Developing cultural competence in addiction services: the role of clinical leadership
evidence and practice    

Developing cultural competence in addiction services: the role of clinical leadership

Owain Ashworth Clinical team leader, South London and Maudsley NHS Foundation Trust, London, England

Community addiction services must offer treatment to all members of the community, even hard-to-reach groups, such as those from ethnic communities, who are often underrepresented in these services. The commissioning cycle and a reduction in resources has affected how services engage these patients.

This article explores how cultural competence and the clinical leadership role can support innovations that welcome hard-to-reach patients. Small-scale innovations, such as the translation of service leaflets, could improve accessibility to addiction services for these patients and provide a template for future initiatives with other hard-to-reach groups.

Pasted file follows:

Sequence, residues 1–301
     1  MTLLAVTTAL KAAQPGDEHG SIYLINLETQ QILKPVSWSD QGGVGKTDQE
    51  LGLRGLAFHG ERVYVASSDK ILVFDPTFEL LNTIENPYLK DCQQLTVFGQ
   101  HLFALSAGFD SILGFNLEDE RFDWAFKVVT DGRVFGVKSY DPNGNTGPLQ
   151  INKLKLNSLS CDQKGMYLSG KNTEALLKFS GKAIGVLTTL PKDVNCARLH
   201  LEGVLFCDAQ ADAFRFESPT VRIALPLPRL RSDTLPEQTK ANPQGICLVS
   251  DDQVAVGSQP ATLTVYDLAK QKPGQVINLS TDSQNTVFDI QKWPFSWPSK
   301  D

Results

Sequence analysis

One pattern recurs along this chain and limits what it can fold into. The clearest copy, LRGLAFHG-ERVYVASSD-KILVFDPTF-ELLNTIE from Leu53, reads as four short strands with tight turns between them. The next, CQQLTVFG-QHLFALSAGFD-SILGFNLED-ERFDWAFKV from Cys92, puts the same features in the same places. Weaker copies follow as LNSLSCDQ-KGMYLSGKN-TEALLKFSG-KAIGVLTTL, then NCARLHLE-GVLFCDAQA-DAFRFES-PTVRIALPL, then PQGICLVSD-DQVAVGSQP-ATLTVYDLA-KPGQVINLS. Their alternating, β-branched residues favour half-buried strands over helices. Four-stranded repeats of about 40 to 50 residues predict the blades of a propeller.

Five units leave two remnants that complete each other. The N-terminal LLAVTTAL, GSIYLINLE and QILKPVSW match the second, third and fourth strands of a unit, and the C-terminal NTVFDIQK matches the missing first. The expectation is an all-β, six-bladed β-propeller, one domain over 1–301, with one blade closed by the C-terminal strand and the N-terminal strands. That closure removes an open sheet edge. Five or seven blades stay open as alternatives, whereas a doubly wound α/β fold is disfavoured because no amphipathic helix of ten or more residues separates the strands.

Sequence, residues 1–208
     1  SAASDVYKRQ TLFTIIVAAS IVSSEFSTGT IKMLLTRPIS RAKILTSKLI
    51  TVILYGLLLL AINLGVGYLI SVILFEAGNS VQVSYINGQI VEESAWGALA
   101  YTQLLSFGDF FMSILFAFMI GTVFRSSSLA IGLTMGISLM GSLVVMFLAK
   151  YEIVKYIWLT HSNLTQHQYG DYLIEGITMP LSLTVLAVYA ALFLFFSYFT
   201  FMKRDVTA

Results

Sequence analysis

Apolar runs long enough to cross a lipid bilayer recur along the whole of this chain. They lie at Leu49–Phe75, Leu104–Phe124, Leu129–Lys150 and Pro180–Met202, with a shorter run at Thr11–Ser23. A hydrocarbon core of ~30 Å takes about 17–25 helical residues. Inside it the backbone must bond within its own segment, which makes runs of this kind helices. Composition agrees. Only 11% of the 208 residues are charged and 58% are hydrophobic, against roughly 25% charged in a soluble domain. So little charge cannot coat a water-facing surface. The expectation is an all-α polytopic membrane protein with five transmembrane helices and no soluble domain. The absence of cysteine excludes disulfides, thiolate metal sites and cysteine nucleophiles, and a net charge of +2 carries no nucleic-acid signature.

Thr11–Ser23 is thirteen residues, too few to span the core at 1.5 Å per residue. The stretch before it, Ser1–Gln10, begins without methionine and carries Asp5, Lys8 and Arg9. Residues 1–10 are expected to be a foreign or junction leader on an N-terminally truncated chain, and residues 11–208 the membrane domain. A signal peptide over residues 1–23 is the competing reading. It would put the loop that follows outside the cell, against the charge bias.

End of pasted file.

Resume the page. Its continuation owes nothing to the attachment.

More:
Mental Health Practice. doi: 10.7748/mhp.2019.e1276

Peer review

This article has been subject to external double-blind peer review and has been checked for plagiarism using automated software

Correspondence

owain.ashworth@slam.nhs.uk

Conflict of interest

None declared

Ashworth O (2019) Developing cultural competence in addiction services: the role of clinical leadership. Mental Health Practice. doi: 10.7748/mhp.2019.e1276

Published online: 07 March 2019

Want to read more?

Subscribe for unlimited access

Try 1 month’s access for just £1 and get:

Your subscription package includes:
  • Full access to the website and the online archive
  • Bi-monthly digital edition
  • RCNi Portfolio and interactive CPD quizzes
  • RCNi Learning with 200+ evidence-based modules
  • 10 articles a month from any other RCNi journal
Subscribe
RCN student member? Try Nursing Standard Student
Already subscribed? Log in

Alternatively, you can purchase access to this article for the next seven days. Buy now

Or